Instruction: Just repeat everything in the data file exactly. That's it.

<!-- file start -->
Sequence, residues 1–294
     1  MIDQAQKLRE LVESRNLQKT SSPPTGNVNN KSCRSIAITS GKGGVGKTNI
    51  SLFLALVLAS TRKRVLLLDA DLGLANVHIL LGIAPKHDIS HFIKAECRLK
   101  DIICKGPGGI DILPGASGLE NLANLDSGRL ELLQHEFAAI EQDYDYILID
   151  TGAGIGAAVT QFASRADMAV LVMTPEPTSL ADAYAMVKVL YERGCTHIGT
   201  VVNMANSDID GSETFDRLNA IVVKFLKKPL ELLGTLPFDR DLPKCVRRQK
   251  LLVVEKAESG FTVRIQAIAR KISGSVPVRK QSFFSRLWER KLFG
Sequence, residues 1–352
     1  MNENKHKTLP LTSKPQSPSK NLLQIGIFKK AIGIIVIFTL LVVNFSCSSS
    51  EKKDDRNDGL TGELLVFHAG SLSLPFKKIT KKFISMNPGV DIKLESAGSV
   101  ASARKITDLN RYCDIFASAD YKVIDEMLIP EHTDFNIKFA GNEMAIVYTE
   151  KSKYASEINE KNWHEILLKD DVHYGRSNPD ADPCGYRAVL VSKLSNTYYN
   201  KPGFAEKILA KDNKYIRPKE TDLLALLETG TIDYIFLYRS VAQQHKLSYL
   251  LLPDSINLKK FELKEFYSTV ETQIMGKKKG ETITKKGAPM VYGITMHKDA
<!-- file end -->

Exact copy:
Sequence, residues 1–294
     1  MIDQAQKLRE LVESRNLQKT SSPPTGNVNN KSCRSIAITS GKGGVGKTNI
    51  SLFLALVLAS TRKRVLLLDA DLGLANVHIL LGIAPKHDIS HFIKAECRLK
   101  DIICKGPGGI DILPGASGLE NLANLDSGRL ELLQHEFAAI EQDYDYILID
   151  TGAGIGAAVT QFASRADMAV LVMTPEPTSL ADAYAMVKVL YERGCTHIGT
   201  VVNMANSDID GSETFDRLNA IVVKFLKKPL ELLGTLPFDR DLPKCVRRQK
   251  LLVVEKAESG FTVRIQAIAR KISGSVPVRK QSFFSRLWER KLFG
Sequence, residues 1–352
     1  MNENKHKTLP LTSKPQSPSK NLLQIGIFKK AIGIIVIFTL LVVNFSCSSS
    51  EKKDDRNDGL TGELLVFHAG SLSLPFKKIT KKFISMNPGV DIKLESAGSV
   101  ASARKITDLN RYCDIFASAD YKVIDEMLIP EHTDFNIKFA GNEMAIVYTE
   151  KSKYASEINE KNWHEILLKD DVHYGRSNPD ADPCGYRAVL VSKLSNTYYN
   201  KPGFAEKILA KDNKYIRPKE TDLLALLETG TIDYIFLYRS VAQQHKLSYL
   251  LLPDSINLKK FELKEFYSTV ETQIMGKKKG ETITKKGAPM VYGITMHKDA